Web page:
Monday, June 01, 2009
Up is the finest American full-length cartoon feature I have ever seen, and the first one that approaches the best work of Hayao Miyazaki, whose influence is palpable in this extraordinary project even more than those of Disney or Pixar, the two companies that combined to bring it to fruition. Both have a long and serious commitment to the cartoon form. Disney virtually invented it, as the conglomerate ghost of Uncle Walt loves to remind consumers everywhere. Disney even became Miyazaki’s American distributor principally so that it wouldn’t be threatened by his inventiveness. And Pixar has been, along with Miyazaki, a primary source of innovation in animated film over the past 15 years. Indeed, Bob Peterson, who wrote Up, got his start as a layout artist on Toy Story, Pixar’s break-through feature. His one previous feature-length screenwriter credit was for Finding Nemo in 2003, although he contributed material to Ratatouille & Monsters, Inc. and has served as a voice actor in many animated projects. In addition to writing Up, Peterson voices Dug, the mongrel who decides that elderly Carl Fredricksen (voiced by Ed Asner) is his master. Peterson also serves as co-director with Pete Docter, another director with more than a few writing credits – Wall-E, and the original stories for Toy Story, Toy Story 2, and Monster’s Inc. Like Peterson, Docter has done pretty much everything one could do in an animated film, and was a dialog director for the English version of Miyazaki’s Howl’s Moving Castle, another tale about a building on the move.
I’m focusing here on the directors as writers because I think the writing is crucial to Up’s success. Watching the film – the first cartoon I’ve found myself tearing up over (more than once) since I first saw Bambi as a boy – I thought of the first paragraph of my review of Watchmen this past March:
This is the golden age of movie effects, or at least it should be. Computer graphics have been enhanced to the level that anything is possible, anything you can dream of can be presented as a plausible physical reality on film, a phenomenon that leaves directors, screenwriters & stuntmen drunk with the potential. Yet the problem remains that for the golden age to actually exist, these same individuals have to envision it, have to make it happen. Just as early motion pictures owe a great deal of their narrative structures to the imaginations of D.W. Griffith & Sergei Eisenstein, men who figured out how to transform a story into the new medium, the potential of today’s film technology is just waiting for someone to come along and imagine what it truly might be.
Up demonstrates what can be done when that imagination is in play. It doesn’t look all that much different technically than any of the other recent Pixar projects, because its core isn’t technological. This is really a tale about dignity, something all but a couple of the villains have to spare. And about love, loss & dreaming. Like Miyazaki, this film pairs a young person, rotund Wilderness Explorer Russell, with an elder, and like Miyazaki, this film takes a fundamentally surrealist trope – the old man tethered to his house & all it represents – and makes it seem only the slightest bit strange.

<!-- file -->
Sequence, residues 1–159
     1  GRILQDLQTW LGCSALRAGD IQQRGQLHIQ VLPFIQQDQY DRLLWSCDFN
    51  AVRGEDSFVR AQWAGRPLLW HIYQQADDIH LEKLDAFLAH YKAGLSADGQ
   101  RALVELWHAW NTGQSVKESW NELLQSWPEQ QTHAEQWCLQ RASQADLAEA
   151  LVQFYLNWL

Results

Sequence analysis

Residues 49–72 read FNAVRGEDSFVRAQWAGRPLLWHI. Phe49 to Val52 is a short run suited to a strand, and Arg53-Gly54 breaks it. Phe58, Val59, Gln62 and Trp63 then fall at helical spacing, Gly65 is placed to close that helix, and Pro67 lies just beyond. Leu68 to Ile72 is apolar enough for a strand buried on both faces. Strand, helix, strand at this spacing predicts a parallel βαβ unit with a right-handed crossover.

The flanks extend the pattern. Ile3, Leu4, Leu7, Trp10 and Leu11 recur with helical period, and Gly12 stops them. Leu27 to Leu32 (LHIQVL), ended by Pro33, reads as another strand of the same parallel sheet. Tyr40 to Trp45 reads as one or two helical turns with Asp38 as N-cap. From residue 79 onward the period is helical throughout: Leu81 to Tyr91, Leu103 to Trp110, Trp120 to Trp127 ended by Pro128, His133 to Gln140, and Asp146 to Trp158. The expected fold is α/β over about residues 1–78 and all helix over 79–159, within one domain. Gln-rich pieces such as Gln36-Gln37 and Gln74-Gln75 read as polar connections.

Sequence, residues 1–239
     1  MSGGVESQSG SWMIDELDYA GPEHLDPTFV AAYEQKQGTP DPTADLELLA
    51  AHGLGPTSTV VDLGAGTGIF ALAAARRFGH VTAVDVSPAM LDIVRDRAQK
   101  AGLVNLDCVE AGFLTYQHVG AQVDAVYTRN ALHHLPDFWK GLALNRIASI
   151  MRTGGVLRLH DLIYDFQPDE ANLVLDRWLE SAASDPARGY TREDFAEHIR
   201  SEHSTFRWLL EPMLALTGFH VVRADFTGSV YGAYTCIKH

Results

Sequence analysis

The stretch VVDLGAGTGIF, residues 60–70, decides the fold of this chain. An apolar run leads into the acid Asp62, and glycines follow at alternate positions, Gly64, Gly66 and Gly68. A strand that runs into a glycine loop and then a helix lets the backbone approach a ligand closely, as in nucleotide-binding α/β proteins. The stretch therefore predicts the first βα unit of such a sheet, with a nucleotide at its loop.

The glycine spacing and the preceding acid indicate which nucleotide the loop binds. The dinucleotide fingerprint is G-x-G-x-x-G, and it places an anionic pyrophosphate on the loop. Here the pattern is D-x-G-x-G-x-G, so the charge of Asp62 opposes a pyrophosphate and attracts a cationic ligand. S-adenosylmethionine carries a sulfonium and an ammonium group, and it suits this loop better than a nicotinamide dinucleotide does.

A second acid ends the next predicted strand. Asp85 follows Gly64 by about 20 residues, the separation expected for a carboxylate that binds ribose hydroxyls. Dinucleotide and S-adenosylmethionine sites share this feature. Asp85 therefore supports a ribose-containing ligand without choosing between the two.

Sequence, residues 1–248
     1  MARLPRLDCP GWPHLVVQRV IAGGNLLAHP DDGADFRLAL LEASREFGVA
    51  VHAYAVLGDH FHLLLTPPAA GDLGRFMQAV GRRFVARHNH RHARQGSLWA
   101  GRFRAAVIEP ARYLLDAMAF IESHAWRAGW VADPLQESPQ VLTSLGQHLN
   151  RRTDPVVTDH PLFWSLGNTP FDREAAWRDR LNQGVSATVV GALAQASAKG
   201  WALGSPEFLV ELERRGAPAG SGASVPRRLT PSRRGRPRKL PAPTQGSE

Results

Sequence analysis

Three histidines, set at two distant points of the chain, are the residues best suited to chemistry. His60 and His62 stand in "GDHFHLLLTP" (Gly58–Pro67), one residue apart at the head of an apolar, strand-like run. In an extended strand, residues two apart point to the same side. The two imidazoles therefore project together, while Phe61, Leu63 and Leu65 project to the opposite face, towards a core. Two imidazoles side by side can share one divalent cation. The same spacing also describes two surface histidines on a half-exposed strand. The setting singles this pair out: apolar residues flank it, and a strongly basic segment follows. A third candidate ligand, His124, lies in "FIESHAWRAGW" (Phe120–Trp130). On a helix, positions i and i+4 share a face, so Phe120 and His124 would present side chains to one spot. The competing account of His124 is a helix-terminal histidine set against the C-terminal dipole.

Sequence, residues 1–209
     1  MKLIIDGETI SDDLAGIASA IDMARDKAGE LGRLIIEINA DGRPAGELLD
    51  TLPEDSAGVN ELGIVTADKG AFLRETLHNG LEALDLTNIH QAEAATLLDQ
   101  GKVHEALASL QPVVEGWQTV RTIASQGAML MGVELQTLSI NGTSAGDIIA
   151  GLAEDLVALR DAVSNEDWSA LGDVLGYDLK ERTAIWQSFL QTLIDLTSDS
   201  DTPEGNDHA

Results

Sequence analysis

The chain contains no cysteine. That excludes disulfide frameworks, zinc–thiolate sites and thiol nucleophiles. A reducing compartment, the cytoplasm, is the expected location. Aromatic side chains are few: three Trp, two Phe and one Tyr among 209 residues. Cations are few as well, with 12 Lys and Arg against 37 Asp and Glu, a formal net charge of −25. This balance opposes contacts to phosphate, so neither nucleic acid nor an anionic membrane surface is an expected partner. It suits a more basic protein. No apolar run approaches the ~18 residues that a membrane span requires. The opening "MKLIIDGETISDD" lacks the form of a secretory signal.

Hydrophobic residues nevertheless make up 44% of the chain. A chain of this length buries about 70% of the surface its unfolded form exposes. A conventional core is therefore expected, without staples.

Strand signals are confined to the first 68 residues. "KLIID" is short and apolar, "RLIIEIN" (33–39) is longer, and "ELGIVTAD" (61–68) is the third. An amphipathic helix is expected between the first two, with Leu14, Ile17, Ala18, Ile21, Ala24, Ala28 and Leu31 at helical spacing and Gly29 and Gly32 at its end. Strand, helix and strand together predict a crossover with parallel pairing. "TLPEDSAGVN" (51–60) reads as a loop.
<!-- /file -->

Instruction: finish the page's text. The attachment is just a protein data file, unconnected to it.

The key lies in the director’s taking the time to tell Fredricksen’s back story, from his days as a child when he first met Ellie, the neighborhood Tomboy, with whom he had a long & loving marriage, although not without its problems & even heartbreak, even though they never got to take the great adventure they’d always imagined. This part of the film takes at least a half hour and it motivates the entire picture, which doesn’t really begin until after Ellie’s funeral. The ways in which the old house – it’s in the Oakland/Piedmont area, tho we don’t find this out until very late in the going – becomes Ellie once she’s gone are manifest and handled with utter confidence and balance.
I could tell you what happens next, but I won’t. I’ve raved enough to set expectations unnaturally high as it is. I’m not alone. As I write, Up has a 98 rating (out of 100) at Rotten Tomatoes. The only films with higher ratings there ever have ten or fewer reviews. IMDB currently rates it as a 9.1 (out of 10), a score that ties it with Godfather and The Shawshank Redemption. I actually expect these ratings to generally stay high, even tho it doesn’t really qualify as the best movie ever made. (At IMDB, the highest rated animated film is Wall-E at 8.5). Since IMDB breaks its ratings down by demographics, it is also possible to see just who doesn’t like this film: older women. Women over the age of 45 rate Up at just 4.6. When I mentioned that to Krishna, who loved the film, she complained, “But Ellie motivates everything, this movie is about how somebody gone stays alive in your thoughts & your heart.” Fredricksen & the “short postman” (as the evil jungle dogs call him) Russell bond because they have parallel wounds, the boy with an absent father who “travels a lot.”
One thing that did surprise me in the film is a Pixar in-joke: Russell’s love of the ice cream parlor Fenton’s. As everyone in Oakland & Piedmont already knows, the creamery next to the Piedmont Theater is a local institution. Now I’m afraid that it’s about to be inundated. I can’t imagine how anybody who sees the film at the Piedmont (or at the Grand Lake, or anywhere in Berkeley or Emeryville) will be able to resist going to Fenton’s after the show. And I can imagine it suddenly becoming a stop on the Oakland tour for people in Paris, Brussels, Tokyo, and of course Venezuela. While it was a great joke to see it pop up incongruously in the film, I wish the folks at Pixar had remembered Yogi Berra’s comment about a restaurant that became impossible to get into: “Nobody goes there anymore. It’s too popular.”